University Alliance > Blog > Mind the gap report – Aston University case study

Mind the gap report – Aston University case study

Rachel Clarke
Published on October 13, 2015

Aston-uni-campusAston University  – strategic partnership with Capgemini to offer an online Degree Apprenticeship programme in the IT sector

Aston University developed a strategic partnership with the IT service management company Capgemini (a major national employer with several offices in Birmingham and the West Midlands) to provide degree-level education following an apprenticeship model. This combines work and study through online learning. It aimed to address acute skills shortages in the fast-changing IT industry, make Aston’s curriculum more relevant and increase Aston’s student recruitment (particularly focusing on widening participation).

Origins and rationale

Capgemini currently recruits around 120 graduates annually. Plans to expand graduate recruitment were hindered by the inability to find graduates – particularly in software engineering – with the skills and knowledge to immediately work in the industry.

Building on strong links at senior level – and due to the large proportion of their graduate recruits already coming from the university – Capgemini decided to team up with Aston on developing an apprenticeship-based approach that topped up level-4 Higher Apprentices to a full BSC with two stages of study.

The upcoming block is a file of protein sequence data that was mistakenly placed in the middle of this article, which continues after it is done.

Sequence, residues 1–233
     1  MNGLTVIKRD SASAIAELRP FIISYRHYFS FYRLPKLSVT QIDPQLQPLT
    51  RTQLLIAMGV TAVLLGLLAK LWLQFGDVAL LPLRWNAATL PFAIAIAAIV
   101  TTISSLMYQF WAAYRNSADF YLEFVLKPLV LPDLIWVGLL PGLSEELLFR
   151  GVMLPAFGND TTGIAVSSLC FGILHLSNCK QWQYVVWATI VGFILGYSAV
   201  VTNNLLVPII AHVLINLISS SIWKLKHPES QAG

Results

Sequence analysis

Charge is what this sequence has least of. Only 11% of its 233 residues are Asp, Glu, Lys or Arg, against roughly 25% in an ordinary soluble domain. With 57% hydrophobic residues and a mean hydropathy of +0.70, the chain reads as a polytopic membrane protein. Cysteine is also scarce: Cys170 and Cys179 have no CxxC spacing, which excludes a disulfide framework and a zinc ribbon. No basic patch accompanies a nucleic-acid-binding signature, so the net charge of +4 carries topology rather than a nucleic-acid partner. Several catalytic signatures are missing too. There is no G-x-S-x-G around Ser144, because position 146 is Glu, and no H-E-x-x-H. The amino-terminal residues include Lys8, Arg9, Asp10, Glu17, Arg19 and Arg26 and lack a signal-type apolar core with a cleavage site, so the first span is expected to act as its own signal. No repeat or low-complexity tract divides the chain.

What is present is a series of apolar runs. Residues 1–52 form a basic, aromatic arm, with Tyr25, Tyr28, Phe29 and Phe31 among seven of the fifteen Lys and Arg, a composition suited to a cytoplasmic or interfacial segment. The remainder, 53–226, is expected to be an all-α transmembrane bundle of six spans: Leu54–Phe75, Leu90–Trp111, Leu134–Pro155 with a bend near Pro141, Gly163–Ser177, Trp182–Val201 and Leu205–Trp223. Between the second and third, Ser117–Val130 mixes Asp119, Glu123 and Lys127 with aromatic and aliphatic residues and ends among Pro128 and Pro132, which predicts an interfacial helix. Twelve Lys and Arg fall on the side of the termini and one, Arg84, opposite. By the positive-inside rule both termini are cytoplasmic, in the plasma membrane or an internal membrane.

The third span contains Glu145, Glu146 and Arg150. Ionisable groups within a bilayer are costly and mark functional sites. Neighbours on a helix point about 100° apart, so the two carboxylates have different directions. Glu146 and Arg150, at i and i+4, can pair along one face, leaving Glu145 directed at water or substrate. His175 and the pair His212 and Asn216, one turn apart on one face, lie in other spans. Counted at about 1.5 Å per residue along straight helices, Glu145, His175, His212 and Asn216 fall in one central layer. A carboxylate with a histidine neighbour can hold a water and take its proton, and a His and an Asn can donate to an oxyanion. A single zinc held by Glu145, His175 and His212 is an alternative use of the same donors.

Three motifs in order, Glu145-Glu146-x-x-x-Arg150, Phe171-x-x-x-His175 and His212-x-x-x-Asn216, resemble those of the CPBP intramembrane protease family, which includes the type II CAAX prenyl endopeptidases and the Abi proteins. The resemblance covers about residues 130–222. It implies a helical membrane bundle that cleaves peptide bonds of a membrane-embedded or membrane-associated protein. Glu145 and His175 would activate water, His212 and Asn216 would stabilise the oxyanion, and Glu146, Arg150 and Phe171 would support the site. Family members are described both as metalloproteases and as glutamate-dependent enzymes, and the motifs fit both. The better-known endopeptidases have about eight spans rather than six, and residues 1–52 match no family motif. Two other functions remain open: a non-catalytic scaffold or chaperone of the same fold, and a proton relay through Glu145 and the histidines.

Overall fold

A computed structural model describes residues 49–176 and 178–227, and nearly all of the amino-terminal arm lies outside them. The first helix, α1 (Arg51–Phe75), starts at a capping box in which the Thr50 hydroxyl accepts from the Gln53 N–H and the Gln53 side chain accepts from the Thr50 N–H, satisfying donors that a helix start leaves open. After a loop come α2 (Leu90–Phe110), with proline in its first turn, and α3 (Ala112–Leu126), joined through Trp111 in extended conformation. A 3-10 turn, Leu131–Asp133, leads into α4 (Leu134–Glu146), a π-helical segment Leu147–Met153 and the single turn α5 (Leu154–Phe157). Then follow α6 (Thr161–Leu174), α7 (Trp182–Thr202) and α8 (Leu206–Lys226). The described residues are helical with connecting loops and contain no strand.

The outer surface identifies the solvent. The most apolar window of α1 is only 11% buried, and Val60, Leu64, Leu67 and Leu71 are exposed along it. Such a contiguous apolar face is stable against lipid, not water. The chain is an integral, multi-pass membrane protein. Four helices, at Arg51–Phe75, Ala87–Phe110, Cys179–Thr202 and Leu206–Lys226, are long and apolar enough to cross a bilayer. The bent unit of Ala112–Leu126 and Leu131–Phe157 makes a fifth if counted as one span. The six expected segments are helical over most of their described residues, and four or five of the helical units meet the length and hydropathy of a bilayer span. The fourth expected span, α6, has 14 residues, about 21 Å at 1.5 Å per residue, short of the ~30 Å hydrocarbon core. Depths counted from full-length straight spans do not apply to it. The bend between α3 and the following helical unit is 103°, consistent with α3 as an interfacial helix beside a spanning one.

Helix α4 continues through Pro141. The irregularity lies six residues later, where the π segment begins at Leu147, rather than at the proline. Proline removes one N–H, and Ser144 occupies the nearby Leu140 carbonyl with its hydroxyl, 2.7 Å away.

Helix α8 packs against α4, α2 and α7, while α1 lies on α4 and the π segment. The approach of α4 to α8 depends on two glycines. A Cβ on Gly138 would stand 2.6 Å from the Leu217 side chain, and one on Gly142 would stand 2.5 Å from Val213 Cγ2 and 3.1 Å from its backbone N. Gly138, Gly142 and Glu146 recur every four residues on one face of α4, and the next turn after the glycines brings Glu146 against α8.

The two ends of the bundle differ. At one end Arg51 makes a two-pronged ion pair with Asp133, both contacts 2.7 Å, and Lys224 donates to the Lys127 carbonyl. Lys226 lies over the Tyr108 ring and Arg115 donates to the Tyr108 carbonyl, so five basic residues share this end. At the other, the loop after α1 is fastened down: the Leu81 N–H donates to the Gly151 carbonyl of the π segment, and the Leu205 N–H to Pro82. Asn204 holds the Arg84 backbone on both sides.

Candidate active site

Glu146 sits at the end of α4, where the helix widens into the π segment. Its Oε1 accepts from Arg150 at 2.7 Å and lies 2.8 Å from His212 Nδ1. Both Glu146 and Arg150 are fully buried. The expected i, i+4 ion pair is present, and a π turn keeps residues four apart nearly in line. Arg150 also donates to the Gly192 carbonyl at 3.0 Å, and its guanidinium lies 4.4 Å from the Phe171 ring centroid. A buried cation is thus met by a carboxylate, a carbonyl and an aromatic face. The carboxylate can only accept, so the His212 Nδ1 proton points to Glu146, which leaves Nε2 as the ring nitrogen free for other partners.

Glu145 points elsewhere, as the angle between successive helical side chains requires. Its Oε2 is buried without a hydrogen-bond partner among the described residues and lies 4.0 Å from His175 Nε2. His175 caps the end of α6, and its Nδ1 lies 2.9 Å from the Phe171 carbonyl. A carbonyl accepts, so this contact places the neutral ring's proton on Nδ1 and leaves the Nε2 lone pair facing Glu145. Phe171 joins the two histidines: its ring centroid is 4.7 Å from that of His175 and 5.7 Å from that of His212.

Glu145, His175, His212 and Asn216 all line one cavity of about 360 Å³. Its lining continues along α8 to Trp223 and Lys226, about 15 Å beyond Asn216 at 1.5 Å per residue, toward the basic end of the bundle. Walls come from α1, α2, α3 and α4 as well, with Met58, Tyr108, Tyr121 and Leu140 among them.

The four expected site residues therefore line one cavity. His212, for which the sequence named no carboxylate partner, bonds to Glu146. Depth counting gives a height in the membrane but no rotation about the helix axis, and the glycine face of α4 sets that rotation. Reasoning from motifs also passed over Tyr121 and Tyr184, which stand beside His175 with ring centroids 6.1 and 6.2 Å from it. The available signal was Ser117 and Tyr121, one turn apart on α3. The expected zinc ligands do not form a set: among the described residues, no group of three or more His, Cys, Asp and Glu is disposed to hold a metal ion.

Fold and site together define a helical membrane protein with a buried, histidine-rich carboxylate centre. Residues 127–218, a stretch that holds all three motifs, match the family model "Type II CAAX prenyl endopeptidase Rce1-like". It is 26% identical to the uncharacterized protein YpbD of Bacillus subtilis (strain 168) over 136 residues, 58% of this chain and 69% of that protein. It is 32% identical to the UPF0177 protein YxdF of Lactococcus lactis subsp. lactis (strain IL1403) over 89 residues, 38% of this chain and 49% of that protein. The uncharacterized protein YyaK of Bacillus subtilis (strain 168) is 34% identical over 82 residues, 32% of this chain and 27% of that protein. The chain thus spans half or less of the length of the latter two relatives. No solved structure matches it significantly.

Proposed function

Capgemini staff are mobile, often spending significant periods of time on client sites away from their base office. A blended learning approach with the majority of teaching delivered at a distance was essential. An added benefit was that this required less physical space and capital spend.

The program began in April 2014 and was later extended to a full level 4-6 integrated BSc Degree Apprenticeship delivered over four and a half years. The Degree Apprenticeship is now offered to other companies and eight businesses plan to recruit students during the 2015/16 academic year.

How does it operate in practice?

Students complete a higher apprenticeship from a training provider after two years. This is a level-4 programme equivalent to the first year of a degree. In the remaining three years, they complete a BSc degree in either Business Information Systems or Software Engineering, Capgemini, as the industrial partner, strongly influences the curriculum to ensure it is industry relevant. It also employs students during their apprenticeship, and provides case studies and input to practical assessments. In the Degree Apprenticeship model, the Skills Funding Agency provides two-thirds of the cost of the full degree, with Aston delivering all the educational activities.

Students book study time with Capgemini to pursue their academic studies. The majority of teaching is delivered online in a Virtual Learning Environment with recorded lectures, online tutorials with video links and consultation sessions. A small number of on-campus sessions are used to introduce students to their lecturers and cover materials that is best done face-to-face (e.g. some elements of Human Computer Interaction). At the same of the Degree Apprenticeship there is an intensive seven-week module to train all students in the basics of software development and databases so they are ready to start work on client projects.